Win Theingi Soe, a representative of workers at Yes One Garment Factory and a central committee member of the All-Myanmar Labour Federation, said it was unclear how many factories have started paying the minimum wage and other benefits required by law.
“Some workers seek our help to set up labour unions at their factories, because workers who are not members of a union do not get a minimum wage,” she said, adding that employers often lay off workers who get involved with labour unions.
Phoe Phyu, a labour rights lawyer, said labour dispute arbitration is still in its infancy in Burma and its outcomes are inconsistent.
“Many labour laws don’t specifically define labour rights, the new government should improve this,” he said, adding that current laws only fine employers for labour rights violations and this should be changed to include revoking of business licenses.
Thein Tun, an NLD Lower House member and secretary of Farmers and Workers Affairs Committee, agreed that amendments were required to improve labour conditions.
“The amendment of existing labour laws play a key role in promoting labour rights and decent wages. We are trying to do so,” he told Myanmar Now. “[But] we will try to amend the labour laws of the previous government only if we found weakness or flaws.”
He said his committee had identified six laws — some of which are decades old, such as the Employment Statistics Acts of 1948 and the Employment Restriction Act of 1959 — that should be revised.
But a first priority, he said, was progress in Burma’s peace process, adding that its success would stimulate economic growth, investment and so improve the job market and working conditions.
Many labour disputes in Burma concern wages. Last year, almost half of the total 1,019 registered disputes dealt with this issue, according to government figures. Among these disputes, 353 were settled among the parties and 165 cases went to court.
Aye Tun, vice-chairman of the Myanmar Garment Manufacturers Association, said the Ministry of Labour, Immigration and Population often favoured workers when arbitrating labour disputes.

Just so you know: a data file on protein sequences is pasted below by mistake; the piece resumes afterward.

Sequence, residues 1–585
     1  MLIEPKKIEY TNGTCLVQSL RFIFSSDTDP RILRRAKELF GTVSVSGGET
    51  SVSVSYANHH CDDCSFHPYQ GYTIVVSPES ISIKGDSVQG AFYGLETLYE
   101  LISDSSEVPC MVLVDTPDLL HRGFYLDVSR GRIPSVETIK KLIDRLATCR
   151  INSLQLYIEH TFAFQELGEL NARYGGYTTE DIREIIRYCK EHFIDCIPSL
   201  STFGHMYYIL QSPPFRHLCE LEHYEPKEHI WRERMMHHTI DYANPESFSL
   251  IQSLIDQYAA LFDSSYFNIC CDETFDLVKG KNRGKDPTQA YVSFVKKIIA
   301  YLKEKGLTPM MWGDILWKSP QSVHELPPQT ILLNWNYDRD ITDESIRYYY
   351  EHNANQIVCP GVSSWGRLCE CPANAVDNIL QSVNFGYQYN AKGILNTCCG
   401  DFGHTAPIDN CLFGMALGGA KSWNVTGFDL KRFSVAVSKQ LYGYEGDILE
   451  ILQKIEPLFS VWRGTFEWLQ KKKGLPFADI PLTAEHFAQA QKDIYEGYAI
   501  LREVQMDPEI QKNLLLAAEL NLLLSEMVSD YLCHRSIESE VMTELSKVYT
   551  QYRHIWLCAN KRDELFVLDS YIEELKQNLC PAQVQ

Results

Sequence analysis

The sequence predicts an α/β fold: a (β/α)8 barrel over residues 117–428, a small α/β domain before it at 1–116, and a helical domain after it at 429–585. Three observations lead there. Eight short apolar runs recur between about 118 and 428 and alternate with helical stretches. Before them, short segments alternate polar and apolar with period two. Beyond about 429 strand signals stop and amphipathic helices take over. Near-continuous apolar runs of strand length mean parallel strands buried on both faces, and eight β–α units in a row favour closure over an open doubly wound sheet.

“In most disputes, the Labour Department orders us to fulfil the demand of labourers to increase wages, without taking accounting into the difficulties of employers,” he said.
Employers pay 5 percent of workers’ salaries to government-run welfare programmes, amounting to around $30 million per year, he said. But government inefficiency made it hard for workers who suffer illness and injury to access these benefits.
Nyunt Win, a director-general at the Ministry of Labour, Immigration and Population, said both employers and workers needed to understand each other better.
Since the NLD took office, his department had provided training on labour rights to factory managers, supervisors and workers at 3,342 factories, he said.
Phyo Wai Aung, 26, a leader of a labour union formed at Great Wall 1 Shoe Factory in Rangooon, said he had led demands for better working conditions and wages, but was fired from his job in May 2015 for his activities.
His case ended up in court — though he won, the punishment meant little to the factory.
“The factory was fined one million kyat [about $830] as it failed to reappoint me, in accordance with the court verdict. This amount of cash fine is very small for the factory owner. I will continue my case in the upper courts,” he said.
Moe Moe Myint Khaing, manager of the Human Resources Department at Great Wall 1, said the factory was open to workers’ suggestions, but said there had been no formal complaints and declined to comment on Phyo Wai Aung’s case.
This article was originally published by Myanmar Now on 16 September 2016.